This study was carried out at Colombia lagoon, Chinchaka’ab lagoon and Xtakún lagoon in the Ecological Reserve of Punta Sur in Cozumel Island, Mexico. A total of 35 wild American crocodiles (Crocodylus acutus) were captured and sampled. Values of hematocrit, red blood count, white blood count, heterophils, lymphocytes, monocytes, neutrophils, eosinophils, basophils and azurophils were determined from blood samples of 18 individuals. Mean normal values and ranges of these parameters are close to those reported for the species in captivity. Blood eosinophilia was detected in 16 (88.9%) individuals and could be due to the presence of Hepatozoon spp., a hemoparasite identified in 15 (42.9%) of the 35 crocodiles. Cloacal and oral cavity swabs were collected from 33 specimens of different size/age classes: eight yearlings, 18 juveniles, three sub-adults and four adults. We isolated and identified 19 bacteria from oral cavities and 14 from cloacal cavities. The more frequent bacteria isolated from oral samples were Arcanobacterium pyogenes, Aeromonas hydrophila, Streptococcus agalactiae and Moraxella cuniculi, and the more frequent from cloacal samples were Escherichia coli, Aeromonas hydrophila and Salmonella arizonae. This study is the first report of cloacal flora of wild American crocodiles and the second report for oral flora.1 All crocodiles captured in this study showed no clinical signs of disease, but under certain circumstances some of the bacteria isolated could be pathogenic. Several oral bacteria isolated could also cause septicemia in humans after being bitten by a crocodile.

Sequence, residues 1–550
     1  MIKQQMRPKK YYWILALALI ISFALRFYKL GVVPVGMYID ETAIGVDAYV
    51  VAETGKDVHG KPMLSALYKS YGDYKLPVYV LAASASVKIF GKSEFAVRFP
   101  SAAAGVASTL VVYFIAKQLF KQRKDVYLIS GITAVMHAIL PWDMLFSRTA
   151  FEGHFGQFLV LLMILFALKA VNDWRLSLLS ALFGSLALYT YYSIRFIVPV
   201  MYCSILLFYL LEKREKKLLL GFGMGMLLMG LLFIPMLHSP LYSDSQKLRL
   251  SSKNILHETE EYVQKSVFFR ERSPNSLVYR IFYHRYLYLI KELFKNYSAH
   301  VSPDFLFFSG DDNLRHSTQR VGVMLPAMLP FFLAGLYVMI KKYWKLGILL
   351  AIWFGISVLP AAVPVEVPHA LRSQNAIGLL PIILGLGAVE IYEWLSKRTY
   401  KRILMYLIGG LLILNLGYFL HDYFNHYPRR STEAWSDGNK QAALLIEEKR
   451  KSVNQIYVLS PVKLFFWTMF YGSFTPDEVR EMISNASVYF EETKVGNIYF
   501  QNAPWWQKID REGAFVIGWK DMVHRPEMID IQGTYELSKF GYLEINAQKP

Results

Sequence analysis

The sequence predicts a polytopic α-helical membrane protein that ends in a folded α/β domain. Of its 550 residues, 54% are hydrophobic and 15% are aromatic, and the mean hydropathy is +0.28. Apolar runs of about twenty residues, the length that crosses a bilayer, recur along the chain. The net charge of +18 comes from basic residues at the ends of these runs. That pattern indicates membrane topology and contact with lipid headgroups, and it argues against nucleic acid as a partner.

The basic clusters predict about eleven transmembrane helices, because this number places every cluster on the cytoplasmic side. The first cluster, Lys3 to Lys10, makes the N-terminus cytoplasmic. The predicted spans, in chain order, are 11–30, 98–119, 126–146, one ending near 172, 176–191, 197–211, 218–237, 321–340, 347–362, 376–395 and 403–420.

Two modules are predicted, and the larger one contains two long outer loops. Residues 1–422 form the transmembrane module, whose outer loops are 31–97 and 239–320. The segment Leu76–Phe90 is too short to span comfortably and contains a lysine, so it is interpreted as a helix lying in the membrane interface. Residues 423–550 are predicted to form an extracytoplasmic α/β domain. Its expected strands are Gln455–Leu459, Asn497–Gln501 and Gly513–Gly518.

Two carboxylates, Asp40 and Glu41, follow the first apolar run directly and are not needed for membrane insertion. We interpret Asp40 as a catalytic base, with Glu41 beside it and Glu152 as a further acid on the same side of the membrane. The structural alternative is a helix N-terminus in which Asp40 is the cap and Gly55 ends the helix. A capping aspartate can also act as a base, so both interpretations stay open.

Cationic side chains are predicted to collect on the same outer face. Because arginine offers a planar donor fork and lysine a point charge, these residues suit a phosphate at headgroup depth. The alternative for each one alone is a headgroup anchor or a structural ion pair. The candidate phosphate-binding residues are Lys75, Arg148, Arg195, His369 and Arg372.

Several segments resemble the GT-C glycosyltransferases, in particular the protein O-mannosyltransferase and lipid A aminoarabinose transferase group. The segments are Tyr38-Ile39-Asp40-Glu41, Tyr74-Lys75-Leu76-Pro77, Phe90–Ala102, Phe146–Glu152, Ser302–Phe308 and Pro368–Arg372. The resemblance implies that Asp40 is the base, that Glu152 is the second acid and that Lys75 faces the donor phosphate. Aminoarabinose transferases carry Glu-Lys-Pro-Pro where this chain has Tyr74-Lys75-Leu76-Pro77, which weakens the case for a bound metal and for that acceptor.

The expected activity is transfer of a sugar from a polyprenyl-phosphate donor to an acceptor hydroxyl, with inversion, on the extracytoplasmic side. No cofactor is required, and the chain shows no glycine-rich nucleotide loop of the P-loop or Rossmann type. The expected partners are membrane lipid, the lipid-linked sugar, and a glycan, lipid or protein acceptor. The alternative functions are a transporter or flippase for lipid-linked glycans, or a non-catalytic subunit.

The authors would like to thank Fundación de Parques y Museos de Cozumel for their hospitality and support in this study.
1. Cupul-Magaña FG, Rubio-Delgado A,Reyes-Juárez A. La mordida del cocodrilo americano (Crocodylus acutus), ¿es potencialmente séptica? Rev Biomed. 2005;16:65–67.